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PUBLISHED ON September 24th, 2014

Rwanda to examine EAC integration benefits

Rwanda intends to collect data to examine the benefit of East African Community integration and document the country’s share to the regional bloc, a senior top government official has said

This comes after the survey done by the EAC ministry preliminarily indicating that 56% of Rwandans do not understand the significance of integration process. This could continue hurting the country’s full benefit to the bloc.

Innocent Safari, the permanent secretary in the Ministry of East African Community (MINEAC), in Kigali, said investing in assessing the integration benefit will help to highlight loopholes and point at possible solutions.

“We want to scrutinize exactly how the integration has impacted Rwandans,” he said in an interview adding that “People should know how to tap into regional opportunities for the economic development of our country and the region”.

Though Rwanda joined the community almost seven years ago, tangible benefits started accruing just within one year when three leaders Paul Kagame, Yoweri Museveni and Uhuru Kenyatta agreed to spearhead the fast tracking of integration projects on Northern corridor.

Since the inception of the Northern corridor summit among three countries, various projects are already under implementation. Among the projects is the use of single tourist visa that allows tourists to tour three countries at cheaper price.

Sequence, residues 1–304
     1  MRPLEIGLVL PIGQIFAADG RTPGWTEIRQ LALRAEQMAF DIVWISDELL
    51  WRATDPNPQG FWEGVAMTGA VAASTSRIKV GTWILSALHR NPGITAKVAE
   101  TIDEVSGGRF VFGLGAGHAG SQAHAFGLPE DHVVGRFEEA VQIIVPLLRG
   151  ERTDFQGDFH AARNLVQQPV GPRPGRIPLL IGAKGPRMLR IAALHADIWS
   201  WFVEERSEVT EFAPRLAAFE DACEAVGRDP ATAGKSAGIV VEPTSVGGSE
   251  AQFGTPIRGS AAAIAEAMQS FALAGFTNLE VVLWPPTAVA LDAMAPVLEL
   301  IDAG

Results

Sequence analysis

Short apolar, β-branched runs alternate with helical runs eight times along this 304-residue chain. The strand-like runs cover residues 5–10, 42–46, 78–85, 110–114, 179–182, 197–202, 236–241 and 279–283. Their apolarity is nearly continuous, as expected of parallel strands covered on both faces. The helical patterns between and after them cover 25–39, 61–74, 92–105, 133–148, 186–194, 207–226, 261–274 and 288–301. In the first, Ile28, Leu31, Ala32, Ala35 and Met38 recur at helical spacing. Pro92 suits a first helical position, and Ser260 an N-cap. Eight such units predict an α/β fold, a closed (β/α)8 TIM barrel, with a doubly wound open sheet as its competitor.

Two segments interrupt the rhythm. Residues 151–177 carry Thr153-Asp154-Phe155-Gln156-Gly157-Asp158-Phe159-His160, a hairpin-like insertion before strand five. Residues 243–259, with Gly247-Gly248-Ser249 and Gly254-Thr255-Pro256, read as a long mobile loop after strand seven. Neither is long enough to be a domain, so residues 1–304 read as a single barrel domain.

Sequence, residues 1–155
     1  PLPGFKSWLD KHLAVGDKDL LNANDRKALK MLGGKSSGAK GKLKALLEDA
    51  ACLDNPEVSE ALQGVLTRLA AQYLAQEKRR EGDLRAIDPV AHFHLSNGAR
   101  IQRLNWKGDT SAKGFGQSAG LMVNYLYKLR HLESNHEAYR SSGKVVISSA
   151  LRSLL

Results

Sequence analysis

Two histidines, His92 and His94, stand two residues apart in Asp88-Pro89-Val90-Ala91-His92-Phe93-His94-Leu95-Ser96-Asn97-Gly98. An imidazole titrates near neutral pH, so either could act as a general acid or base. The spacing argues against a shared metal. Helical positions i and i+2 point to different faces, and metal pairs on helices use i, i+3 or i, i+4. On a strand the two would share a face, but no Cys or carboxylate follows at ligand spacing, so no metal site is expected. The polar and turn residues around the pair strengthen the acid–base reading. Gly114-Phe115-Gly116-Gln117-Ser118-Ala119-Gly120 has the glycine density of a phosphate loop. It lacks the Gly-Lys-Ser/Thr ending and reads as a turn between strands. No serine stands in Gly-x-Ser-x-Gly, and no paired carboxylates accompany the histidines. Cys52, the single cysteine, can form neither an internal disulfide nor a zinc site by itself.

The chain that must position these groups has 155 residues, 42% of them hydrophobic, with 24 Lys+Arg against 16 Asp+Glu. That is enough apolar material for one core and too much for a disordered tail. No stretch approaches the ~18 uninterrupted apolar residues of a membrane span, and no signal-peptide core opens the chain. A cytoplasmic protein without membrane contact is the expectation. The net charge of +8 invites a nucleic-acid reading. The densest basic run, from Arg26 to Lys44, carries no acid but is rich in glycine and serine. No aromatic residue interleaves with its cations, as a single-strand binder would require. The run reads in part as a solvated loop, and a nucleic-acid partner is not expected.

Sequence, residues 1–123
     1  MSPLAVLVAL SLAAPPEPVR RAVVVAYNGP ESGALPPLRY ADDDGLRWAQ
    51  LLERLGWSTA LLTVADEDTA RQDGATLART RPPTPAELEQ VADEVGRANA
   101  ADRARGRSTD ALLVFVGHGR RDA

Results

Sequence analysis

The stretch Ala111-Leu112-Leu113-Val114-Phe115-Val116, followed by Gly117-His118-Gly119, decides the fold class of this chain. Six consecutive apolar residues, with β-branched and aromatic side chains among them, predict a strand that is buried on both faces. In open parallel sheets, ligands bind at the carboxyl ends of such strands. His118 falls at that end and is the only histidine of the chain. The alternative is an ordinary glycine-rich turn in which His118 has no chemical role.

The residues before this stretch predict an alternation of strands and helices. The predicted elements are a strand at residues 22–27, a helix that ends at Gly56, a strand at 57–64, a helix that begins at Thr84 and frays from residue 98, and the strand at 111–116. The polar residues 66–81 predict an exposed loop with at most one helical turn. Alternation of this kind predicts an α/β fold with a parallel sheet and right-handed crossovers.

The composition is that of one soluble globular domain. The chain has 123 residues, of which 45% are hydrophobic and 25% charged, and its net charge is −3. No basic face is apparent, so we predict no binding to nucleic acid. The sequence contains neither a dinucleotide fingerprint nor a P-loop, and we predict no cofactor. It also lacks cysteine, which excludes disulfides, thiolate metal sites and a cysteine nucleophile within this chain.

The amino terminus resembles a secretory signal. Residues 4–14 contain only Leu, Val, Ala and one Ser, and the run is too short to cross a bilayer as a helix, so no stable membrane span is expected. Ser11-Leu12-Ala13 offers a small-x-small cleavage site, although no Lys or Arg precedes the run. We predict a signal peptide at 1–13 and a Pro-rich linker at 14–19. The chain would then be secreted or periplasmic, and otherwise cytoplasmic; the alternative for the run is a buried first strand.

At US$100 a tourist can move and visit different attractions without paying extra charges.

From April to July 2014, 452 tourists have used the Single Tourist Visas collected by Rwanda which is worth $45,200 accounting for Rwanda’s share of $18,080 (40 per cent)

The movement of people was also eased with the introduction of use of national identification cards, and voters and students cards to travel both by road and Air transport.

The free movement will contribute to easing of doing business by facilitating cross-border trade and investment that will spur economic growth and development.

The time import take from Mombasa port reduced from 22 days to 8 days from Mombasa to Kampala, and from 30days to 9 days from Mombasa to Kigali.

John Bosco Kalisa, the Trade Mark East Africa programs manager and expert on integration matters in Kigali, said the member states needed to embark on assessing themselves on the integration benefit as this would help them clear existing challenges.

He said if East Africa countries are still embroiled in various challenges like trade barriers that should be addressed after documenting all the existing hindrances in the member states.

Most of the transportation barriers that continue to hinder further integration include road corruption, roadblocks, and highway- bridges that hinder the free movement of goods on northern corridor. The most affected countries include the landlocked countries Uganda, Rwanda, and Burundi.

Source URL: All Africa

Disclaimer: The views and opinions expressed in this article are those of the authors and do not necessarily reflect the official policy or position of TradeMark Africa.